1 Sept 11

Blame-shifting as “SOP:”

In West Virginia last Tuesday, three wounds were inflicted, on two deputies, by a single bullet. The 45-caliber bullet (45ACP or 45GAP, unclear as to which), fired from a Glock (model unknown), produced a hand-wound on one deputy and an additional hand-wound on the second deputy, as well as a separate hip-wound. Both deputies were hospitalized, but none of the wounds appear to be life-threatening.

The discharge was unintentional and took place at the home of one of the deputies, as the pistol in question was being “worked on.” Both wounded deputies are also Department Armorers!

In a statement to the media, the Undersheriff said the department-owned pistol in question “malfunctioned,” causing the accidental injuries.

Oh, please!

I strongly suspect the pistol did not “malfunction,” but, in fact, functioned perfectly, just as it is designed to! It was allowed to point in an unsafe direction as someone, or something, simultaneously applied pressure to the trigger.

The culprit here (as is nearly always the case) is likely careless gun-handling, not defectively-designed, nor “malfunctioning” guns. Otherwise, one would wonder why all these police departments continue to knowingly buy “faulty” guns.

And, careless gun-handling will never be eliminated, nor even addressed effectively, when we, apparently as a matter of policy, continue to excuse/deny our own carelessness/negligence, invariably shifting blame, robot-like, in another direction.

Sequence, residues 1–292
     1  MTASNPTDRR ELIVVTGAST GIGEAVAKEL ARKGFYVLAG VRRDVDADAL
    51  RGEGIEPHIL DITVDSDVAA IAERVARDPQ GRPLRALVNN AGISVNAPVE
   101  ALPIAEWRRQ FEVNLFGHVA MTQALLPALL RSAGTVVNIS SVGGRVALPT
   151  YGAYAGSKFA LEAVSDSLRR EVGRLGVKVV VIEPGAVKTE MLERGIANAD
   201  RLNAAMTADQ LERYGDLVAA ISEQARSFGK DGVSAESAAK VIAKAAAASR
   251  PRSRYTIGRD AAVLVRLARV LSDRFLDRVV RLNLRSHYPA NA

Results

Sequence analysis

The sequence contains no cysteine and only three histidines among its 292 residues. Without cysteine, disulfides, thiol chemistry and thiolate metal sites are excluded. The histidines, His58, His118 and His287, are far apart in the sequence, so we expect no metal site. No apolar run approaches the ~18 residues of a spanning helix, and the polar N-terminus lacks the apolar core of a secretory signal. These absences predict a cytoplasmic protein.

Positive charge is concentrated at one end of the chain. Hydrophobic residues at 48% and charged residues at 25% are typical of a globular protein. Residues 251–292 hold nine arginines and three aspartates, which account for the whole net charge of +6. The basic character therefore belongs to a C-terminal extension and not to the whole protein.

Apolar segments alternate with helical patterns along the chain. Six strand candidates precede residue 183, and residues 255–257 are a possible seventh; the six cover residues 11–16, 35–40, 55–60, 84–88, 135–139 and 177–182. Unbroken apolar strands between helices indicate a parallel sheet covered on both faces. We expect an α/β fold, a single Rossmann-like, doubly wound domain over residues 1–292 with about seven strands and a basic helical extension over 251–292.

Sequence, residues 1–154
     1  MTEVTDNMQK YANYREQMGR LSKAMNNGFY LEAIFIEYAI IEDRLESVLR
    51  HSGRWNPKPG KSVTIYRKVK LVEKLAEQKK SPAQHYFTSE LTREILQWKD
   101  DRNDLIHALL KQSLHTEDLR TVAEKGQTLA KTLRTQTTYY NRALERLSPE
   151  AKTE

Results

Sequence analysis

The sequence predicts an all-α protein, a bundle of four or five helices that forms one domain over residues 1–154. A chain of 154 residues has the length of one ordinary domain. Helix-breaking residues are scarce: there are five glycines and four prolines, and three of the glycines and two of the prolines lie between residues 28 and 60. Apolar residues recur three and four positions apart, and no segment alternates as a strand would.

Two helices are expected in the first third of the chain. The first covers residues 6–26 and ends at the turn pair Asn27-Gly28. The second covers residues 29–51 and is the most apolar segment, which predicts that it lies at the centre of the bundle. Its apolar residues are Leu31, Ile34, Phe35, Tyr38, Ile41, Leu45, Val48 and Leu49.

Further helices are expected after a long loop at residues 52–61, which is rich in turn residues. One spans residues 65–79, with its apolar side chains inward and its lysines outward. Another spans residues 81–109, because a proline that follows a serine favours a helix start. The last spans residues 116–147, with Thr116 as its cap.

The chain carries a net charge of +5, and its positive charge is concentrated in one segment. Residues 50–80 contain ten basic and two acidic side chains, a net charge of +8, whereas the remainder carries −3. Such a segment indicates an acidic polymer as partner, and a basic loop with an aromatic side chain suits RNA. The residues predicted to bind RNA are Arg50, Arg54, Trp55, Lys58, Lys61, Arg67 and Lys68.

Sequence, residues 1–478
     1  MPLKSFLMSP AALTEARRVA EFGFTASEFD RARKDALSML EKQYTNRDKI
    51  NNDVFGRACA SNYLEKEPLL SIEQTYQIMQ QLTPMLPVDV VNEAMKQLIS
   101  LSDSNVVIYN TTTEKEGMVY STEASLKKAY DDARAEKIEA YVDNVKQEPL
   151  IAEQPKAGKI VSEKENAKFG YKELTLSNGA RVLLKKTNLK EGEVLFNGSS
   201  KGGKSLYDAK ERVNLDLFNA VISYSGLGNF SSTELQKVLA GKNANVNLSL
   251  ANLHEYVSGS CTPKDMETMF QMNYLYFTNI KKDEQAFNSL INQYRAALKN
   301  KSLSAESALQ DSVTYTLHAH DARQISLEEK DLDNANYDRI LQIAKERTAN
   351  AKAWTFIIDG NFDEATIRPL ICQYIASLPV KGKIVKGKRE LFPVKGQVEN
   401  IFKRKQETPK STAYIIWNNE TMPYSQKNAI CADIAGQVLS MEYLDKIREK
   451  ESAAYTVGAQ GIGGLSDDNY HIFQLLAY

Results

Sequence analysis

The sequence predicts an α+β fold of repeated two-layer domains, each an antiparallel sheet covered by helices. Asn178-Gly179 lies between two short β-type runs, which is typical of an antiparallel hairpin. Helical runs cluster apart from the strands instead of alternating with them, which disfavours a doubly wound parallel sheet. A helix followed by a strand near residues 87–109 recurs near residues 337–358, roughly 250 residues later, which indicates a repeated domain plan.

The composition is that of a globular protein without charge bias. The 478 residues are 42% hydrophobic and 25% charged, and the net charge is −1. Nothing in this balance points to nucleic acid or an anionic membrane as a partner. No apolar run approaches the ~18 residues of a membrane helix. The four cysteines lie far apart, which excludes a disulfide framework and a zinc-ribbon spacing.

How is it that we’re supposed to solve a problem, when we’re prohibited from even mentioning the problem?

Guns will be in our lives, continuously, forever! We have to learn how to live with them. The “always-unloaded/never-ready” philosophy has served us poorly, as its exponents routinely treat/handle guns like toys. Accidents happen when “dangerous” guns get mixed in with “safe” ones, as they do, without fail… as we see!

We need to always think of our guns as what they are: deadly weapons, there to protect us, not just as instrumentalities of recreation, there merely to amuse and entertain, like a golf club or tennis racket.

In short, we need to get serious. We need to always be taking care of business

… or, get out of business!

“The sword is a great benefit, and necessary to preserve peace… and prevent evil”


“Far better an approximate answer to the right question, than the exact answer to an irrelevant question, which, by the way, can always be made more precise!”




5 Sept 11

Spring-loaded, Ejection-Port Dust-covers on ARs:

At an Urban Rifle Course in Colorado last weekend, a student broke the dust-cover on his LWRC gas-piston AR. The entire latch-assembly blew off, leaving the dust-cover permanently in the “open” position, with no way to get it to stay closed. The rifle was brand-new, and the dust-cover blew at the two-hundred round mark.

Of course, the functionality of the weapon was unaffected, and the student went on to finish the Course in otherwise-normal fashion.